Critical Thinking for Addiction Professionals

By Michael J. Taleff | Go to book overview

sometimes try to infer that one thing caused another using weak arguments, which can lead to clinical and other problems. We outline a few to beware of.


X caused Y—When in Fact It Didn't

A causal fallacy seen all too often in the addiction field is making the wrong connection, and can best be illustrated by an example.

Tr eatment programs tend to attribute their effectiveness to certain underlying philosophies and methods. This is called an illusory connection. Why illusory? Because client improvement is erroneously connected to certain treatment strategies or program styles. The problem with such claims is that they never convincingly demonstrate that there is a direct connection between a particular intervention and recovery. No research has ever credibly indicated that intervention “x” caused outcome “y.” Even with the finest research designs and statistical methods, the best we seem to be able to do is to demonstrate certain correlations between a treatment and its outcome. That is, there is some relationship between “x” and “y”, but it is not causal.

Why this lack of cause and effect? Well, we can't say with any certainty that one specific thing actually causes another in terms of addiction treatment. There are too many other variables that influence outcome. In order to say there is a direct connection, one would have to control for all the social, psychological, and even biological influences that could have had as much to do with someone getting sober as the treatment program. Yes, there is good evidence that therapy works as opposed to no therapy. But trying to find out what it is within therapy that makes the difference is difficult.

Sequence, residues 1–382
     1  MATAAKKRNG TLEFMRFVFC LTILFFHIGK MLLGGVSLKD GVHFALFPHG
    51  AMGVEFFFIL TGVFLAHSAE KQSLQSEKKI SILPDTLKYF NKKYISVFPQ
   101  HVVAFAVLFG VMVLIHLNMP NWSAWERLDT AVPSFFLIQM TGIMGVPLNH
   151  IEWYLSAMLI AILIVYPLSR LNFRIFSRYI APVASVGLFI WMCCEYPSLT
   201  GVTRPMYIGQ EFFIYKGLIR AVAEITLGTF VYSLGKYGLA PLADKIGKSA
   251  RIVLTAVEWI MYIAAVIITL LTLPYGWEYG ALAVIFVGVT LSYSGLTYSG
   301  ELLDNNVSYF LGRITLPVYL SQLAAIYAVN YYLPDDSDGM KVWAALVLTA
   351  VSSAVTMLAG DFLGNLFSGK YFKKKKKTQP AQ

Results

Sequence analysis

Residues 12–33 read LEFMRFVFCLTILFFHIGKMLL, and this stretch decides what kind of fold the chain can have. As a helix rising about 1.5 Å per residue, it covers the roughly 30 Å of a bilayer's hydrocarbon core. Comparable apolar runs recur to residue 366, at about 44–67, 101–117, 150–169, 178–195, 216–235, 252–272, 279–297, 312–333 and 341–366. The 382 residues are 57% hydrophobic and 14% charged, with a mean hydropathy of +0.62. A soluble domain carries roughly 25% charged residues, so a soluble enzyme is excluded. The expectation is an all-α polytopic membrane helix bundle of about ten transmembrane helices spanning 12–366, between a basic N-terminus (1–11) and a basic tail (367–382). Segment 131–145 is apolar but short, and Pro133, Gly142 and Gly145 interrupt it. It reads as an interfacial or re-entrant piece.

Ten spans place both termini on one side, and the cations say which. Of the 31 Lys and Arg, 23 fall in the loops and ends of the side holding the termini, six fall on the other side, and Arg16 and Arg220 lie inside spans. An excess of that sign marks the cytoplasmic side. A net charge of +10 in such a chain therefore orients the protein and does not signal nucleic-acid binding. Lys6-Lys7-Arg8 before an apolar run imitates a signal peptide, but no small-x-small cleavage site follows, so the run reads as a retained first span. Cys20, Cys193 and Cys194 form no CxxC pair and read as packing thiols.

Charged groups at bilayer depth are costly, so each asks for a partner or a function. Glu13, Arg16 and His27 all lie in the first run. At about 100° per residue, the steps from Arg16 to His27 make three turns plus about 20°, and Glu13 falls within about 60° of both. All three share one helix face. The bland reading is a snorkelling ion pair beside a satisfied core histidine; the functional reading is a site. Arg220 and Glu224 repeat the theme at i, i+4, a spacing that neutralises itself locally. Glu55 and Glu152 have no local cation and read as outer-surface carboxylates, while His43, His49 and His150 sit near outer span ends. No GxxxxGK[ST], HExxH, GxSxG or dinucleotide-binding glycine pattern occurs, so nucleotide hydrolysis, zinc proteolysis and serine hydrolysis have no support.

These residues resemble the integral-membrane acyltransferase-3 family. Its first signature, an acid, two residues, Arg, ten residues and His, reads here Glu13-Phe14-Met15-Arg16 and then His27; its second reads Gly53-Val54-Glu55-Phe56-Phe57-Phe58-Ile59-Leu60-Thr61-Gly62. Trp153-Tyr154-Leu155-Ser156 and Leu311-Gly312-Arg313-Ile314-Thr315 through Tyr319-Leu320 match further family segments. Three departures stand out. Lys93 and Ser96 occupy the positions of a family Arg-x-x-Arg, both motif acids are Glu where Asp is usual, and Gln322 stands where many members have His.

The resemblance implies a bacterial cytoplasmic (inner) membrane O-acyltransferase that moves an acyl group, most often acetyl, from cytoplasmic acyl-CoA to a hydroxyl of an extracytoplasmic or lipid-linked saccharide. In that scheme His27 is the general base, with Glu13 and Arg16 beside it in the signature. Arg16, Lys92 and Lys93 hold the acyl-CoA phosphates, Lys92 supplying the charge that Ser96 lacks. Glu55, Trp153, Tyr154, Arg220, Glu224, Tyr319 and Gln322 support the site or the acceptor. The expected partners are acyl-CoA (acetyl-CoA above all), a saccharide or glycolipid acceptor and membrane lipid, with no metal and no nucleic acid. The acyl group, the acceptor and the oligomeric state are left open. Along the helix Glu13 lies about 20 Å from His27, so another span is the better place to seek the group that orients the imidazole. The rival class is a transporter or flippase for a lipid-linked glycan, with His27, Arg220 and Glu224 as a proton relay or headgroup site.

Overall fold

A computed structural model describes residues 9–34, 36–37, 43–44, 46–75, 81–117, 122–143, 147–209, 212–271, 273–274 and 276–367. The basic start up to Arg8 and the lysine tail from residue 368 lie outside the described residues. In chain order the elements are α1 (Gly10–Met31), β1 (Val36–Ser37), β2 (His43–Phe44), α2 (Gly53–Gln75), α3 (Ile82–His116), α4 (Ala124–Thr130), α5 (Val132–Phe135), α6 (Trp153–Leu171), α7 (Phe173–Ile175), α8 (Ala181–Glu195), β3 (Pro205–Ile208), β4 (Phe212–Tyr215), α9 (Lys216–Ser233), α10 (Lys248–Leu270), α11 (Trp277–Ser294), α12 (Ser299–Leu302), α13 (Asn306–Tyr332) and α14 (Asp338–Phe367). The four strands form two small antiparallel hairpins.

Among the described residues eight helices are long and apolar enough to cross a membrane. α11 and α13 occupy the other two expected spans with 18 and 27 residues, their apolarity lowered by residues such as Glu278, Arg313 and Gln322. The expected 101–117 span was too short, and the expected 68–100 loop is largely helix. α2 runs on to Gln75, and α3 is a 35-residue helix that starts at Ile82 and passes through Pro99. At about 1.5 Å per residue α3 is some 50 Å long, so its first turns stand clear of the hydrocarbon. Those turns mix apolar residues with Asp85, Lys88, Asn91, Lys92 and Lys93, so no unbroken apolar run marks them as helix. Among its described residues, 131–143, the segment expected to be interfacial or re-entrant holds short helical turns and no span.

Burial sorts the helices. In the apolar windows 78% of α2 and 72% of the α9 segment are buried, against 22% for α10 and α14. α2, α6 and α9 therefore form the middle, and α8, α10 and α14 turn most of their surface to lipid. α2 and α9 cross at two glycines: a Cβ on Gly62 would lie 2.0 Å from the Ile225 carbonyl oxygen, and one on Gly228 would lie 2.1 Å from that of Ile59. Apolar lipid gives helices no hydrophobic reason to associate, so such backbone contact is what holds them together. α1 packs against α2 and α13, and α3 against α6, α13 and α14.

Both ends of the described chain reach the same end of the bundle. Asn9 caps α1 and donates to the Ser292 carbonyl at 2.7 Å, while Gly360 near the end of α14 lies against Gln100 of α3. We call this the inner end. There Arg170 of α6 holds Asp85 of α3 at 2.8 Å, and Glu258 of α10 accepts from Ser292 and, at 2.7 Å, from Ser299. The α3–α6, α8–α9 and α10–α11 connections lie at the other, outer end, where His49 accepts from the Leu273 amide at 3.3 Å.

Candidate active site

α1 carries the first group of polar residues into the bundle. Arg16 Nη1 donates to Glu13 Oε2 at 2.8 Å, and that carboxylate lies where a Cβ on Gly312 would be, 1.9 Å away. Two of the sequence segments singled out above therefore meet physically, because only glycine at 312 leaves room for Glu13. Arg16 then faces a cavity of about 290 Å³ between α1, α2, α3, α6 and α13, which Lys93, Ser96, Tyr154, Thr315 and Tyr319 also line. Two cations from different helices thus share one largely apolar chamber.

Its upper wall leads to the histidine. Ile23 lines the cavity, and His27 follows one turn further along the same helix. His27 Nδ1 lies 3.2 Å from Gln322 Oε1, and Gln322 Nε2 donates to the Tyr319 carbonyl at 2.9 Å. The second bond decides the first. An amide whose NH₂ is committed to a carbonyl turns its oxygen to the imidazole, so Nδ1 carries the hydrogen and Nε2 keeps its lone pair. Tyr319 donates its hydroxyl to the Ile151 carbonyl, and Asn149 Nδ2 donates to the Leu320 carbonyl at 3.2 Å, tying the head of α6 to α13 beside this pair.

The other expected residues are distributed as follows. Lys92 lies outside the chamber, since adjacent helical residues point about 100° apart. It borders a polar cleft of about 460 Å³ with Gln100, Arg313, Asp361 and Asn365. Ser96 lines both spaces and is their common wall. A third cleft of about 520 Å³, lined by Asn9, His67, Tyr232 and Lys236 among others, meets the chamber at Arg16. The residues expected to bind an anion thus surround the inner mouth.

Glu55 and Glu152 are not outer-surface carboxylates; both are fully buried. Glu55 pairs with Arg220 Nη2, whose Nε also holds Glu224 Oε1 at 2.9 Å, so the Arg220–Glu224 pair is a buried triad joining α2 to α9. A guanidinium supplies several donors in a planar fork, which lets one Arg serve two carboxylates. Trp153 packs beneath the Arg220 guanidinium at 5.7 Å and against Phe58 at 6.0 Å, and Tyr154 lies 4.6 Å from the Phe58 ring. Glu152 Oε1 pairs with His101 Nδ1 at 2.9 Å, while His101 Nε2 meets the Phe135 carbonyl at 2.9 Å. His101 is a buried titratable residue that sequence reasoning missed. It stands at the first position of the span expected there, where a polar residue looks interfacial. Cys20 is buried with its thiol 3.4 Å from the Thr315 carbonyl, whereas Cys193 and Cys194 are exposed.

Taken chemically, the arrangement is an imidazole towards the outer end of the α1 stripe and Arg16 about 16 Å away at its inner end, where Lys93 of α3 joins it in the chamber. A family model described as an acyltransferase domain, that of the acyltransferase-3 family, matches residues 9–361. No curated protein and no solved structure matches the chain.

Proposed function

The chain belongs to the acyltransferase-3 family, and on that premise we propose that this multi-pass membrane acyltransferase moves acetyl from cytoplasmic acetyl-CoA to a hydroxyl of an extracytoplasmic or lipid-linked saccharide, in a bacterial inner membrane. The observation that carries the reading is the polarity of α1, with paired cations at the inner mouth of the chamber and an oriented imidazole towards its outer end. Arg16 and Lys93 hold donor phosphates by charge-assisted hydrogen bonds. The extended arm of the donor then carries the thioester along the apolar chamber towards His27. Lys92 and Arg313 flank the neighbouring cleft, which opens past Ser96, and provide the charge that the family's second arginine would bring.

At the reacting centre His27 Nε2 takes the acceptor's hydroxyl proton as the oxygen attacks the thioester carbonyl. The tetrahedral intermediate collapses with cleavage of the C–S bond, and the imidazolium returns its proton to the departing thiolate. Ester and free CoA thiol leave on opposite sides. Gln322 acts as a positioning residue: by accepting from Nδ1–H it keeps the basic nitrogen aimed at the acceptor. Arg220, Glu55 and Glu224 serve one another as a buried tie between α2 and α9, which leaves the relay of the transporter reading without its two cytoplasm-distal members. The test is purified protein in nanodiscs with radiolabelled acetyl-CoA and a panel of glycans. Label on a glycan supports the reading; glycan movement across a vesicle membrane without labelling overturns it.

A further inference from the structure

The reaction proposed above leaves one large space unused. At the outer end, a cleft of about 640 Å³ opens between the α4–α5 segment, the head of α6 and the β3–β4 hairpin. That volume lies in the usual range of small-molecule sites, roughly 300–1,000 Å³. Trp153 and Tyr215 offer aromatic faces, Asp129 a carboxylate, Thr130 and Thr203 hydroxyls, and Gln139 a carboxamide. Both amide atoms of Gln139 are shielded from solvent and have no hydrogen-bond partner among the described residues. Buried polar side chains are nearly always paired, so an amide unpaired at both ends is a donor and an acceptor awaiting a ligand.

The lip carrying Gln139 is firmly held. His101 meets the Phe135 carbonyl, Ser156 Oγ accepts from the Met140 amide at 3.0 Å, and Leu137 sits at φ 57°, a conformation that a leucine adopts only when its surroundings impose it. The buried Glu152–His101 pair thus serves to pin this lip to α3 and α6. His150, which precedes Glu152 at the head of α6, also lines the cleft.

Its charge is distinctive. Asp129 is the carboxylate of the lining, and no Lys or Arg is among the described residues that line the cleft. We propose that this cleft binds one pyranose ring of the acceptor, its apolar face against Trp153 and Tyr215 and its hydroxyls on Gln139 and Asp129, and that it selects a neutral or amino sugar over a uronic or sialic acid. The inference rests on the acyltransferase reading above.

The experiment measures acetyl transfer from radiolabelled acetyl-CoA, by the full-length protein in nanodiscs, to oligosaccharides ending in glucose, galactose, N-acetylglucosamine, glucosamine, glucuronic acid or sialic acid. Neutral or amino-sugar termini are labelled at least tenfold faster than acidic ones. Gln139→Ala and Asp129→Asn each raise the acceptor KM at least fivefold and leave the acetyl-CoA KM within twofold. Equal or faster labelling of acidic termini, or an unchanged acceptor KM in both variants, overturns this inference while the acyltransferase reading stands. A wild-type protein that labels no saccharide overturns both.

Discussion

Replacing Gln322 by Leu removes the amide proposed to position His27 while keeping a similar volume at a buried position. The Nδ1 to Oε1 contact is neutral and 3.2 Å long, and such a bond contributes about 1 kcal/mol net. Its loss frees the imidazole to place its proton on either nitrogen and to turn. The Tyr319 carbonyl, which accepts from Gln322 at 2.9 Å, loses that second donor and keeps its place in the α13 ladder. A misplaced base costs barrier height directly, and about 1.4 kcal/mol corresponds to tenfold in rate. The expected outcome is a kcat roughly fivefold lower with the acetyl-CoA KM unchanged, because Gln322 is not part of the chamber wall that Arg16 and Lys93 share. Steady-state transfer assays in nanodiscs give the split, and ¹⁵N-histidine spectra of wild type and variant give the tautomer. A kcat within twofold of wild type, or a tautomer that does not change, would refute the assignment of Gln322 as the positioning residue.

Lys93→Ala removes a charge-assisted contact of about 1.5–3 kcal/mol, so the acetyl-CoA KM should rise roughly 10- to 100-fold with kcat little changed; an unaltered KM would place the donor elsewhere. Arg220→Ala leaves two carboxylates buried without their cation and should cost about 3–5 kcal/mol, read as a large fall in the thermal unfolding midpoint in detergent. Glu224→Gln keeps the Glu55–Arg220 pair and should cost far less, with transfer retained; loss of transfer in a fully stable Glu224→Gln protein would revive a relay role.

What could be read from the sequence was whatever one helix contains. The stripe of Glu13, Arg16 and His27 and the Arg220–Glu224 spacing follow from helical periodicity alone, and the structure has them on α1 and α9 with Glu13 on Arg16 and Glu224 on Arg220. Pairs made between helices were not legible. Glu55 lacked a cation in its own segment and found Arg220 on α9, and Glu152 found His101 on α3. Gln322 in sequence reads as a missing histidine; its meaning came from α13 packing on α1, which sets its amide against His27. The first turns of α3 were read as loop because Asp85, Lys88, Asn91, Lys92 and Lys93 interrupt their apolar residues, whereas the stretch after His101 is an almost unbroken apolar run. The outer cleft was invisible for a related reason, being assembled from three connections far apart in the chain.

Of the current counseling treatments available, none has been shown to be more effective than any other (Institute of Medicine, 1990). That conclusion was written more than a decade ago and is still valid today. Formal treatments work only marginally better than the natural (untreated) state of recovery (Seligman, 1993). Yet, many programs go to great pains to promote analysis, cognitive therapy, cognitive-behavioral therapy, community therapy, or whatever, as the most successful interventions available. One constantly hears, “How can you argue with success?” Well, this very perception is deficient (Dawes, 1994). Some people will get over a problem without treatment. Yet, a treatment program whose

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